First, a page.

How could you ever think the GOP is racist?

This got posted to facebook recently.  It’s a picture of a plot to capture our African American President by baiting him with a watermelon.

It was posted by Jennifer Olsen, the Chairwoman of the Yellowstone County GOP in Montana.  But rest assured, it’s not that he’s black or that the GOP is home to the American racist – they just don’t like his policies.

About JT Eberhard

When not defending the planet from inevitable apocalypse at the rotting hands of the undead, JT is a writer and public speaker about atheism, gay rights, and more. He spent two and a half years with the Secular Student Alliance as their first high school organizer. During that time he built the SSA’s high school program and oversaw the development of groups nationwide. JT is also the co-founder of the popular Skepticon conference and served as the events lead organizer during its first three years.

  • Lance Finney

    Great.

    The state in which I live (Missouri) is a laughingstock thanks to creationism and gun control.

    The area in which I grew up is a laughingstock because it’s now represented by Michelle Bachmann.

    And the county in which I was born brings forth this crap.

    Ugh.

    • tubi

      Hm, I’m sensing a pattern…

  • Glodson

    I saw that yesterday. She removed her Facebook page and then accused the person who reported it of lying.

    Source http://billingsnews.com/davidsblog/?p=388#comments

    • Reginald Selkirk

      She removed her Facebook page and then accused the person who reported it of lying.

      It is amusing that there are people who do not understand how Teh Internetz works.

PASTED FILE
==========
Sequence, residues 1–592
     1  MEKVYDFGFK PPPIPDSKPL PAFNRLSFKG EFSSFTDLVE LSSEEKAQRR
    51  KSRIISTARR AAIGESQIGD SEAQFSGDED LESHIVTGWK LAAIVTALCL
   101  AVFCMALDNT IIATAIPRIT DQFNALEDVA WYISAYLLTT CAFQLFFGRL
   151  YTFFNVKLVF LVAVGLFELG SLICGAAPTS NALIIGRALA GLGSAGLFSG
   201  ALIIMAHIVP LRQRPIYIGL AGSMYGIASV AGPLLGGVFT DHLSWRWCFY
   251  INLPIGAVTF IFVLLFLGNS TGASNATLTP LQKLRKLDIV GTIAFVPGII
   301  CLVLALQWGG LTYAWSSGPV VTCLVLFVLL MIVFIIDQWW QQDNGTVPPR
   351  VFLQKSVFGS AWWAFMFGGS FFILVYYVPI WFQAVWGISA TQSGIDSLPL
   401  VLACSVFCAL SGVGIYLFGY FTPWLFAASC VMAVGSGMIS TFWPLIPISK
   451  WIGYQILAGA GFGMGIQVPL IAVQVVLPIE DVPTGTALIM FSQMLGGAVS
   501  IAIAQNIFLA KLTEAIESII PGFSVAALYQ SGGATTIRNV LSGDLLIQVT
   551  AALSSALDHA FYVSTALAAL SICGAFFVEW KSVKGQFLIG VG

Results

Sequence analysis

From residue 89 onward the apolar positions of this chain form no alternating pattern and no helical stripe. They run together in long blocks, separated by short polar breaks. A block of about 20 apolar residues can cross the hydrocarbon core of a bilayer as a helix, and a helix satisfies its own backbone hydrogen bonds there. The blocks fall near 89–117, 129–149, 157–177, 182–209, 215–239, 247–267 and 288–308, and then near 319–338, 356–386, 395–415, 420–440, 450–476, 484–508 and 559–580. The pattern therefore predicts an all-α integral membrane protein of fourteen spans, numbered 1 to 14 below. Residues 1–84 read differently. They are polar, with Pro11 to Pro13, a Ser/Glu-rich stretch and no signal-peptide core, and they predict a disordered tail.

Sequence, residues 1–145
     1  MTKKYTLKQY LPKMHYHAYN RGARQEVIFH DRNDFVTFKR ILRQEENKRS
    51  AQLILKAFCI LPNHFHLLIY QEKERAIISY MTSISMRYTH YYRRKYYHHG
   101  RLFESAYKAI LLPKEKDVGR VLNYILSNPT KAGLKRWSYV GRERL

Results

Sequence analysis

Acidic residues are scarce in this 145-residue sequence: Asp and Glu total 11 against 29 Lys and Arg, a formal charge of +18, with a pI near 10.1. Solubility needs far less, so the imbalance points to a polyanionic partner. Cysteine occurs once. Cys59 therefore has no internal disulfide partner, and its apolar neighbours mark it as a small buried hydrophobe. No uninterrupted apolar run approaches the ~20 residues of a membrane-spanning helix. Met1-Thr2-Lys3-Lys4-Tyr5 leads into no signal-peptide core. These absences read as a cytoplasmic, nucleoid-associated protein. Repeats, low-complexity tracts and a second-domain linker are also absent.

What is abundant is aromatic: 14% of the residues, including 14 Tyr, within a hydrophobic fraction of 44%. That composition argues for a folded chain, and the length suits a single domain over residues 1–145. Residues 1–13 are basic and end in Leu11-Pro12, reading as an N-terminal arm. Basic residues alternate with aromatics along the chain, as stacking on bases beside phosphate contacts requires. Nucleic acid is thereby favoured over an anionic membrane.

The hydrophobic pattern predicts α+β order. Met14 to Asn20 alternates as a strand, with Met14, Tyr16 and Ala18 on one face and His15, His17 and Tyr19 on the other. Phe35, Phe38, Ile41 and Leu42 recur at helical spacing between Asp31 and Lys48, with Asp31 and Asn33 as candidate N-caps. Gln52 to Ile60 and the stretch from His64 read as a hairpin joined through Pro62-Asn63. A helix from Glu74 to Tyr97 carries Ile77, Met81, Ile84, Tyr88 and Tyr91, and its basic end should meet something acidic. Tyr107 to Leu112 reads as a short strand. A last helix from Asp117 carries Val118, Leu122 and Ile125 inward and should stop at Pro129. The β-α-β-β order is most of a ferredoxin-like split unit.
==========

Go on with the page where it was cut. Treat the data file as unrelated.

• Glodson

        The sad thing is that people who back her will buy this, out of the need to not examine themselves more closely.

        Or they are all just racist jackasses. It can be hard to tell.

        • Stogoe

          Either/or? Are you kidding?! It’s BOTH.

  • Bob Jase

    I suppose they’ll claim it isn’t racist because they didn’t have a trail of pieces of fried chicken leading to it. Seriously.

  • Bob Jase

    I suppose they’ll claim it isn’t racist because they didn’t have a trail of pieces of fried chicken leading to it. Seriously.

  • Reginald Selkirk

    You can also find that image at the “Tea Party Command Center” web site. (link deliberately omitted on grounds of “won’t someone think of the children,” but you can find it easily enough with Google image search)
    But we all know that the Tea Party is a serious group of individuals concerned with liberty and government excess, not a collection of racist nutbags.

  • invivoMark

    I still don’t get why the racist “black people like watermelon and fried chicken” thing makes any sense to anyone. I mean, I like fried chicken, and watermelon is great! Who could blame someone for liking those things? Is it bad to like watermelon? It seems like, for a racist stereotype, it’s rather impotent.

    Disclaimer: I was raised in an extremely white part of Idaho (there was one black kid in a high school of 2400). I hadn’t even heard of the watermelon/fried chicken thing until I was in college. At the time it confused me, and then made me hungry for fried chicken.

    Oh well. White people love watermelon too, and here’s photographic proof: http://25.media.tumblr.com/tumblr_lpvpiemObu1qe1ae2o1_500.jpg

    • nentuaby

      There’s a long history behind the watermelon thing. Basic idea is, way back in the day watermelon was culturally positioned as a “simple pleasure” food. It grew out there in the field, you could pick it and eat it right there, lots of sweetness (sweet things were not plentiful in the days before refined sugar bent the supermarket shelves). Pure bliss, no work.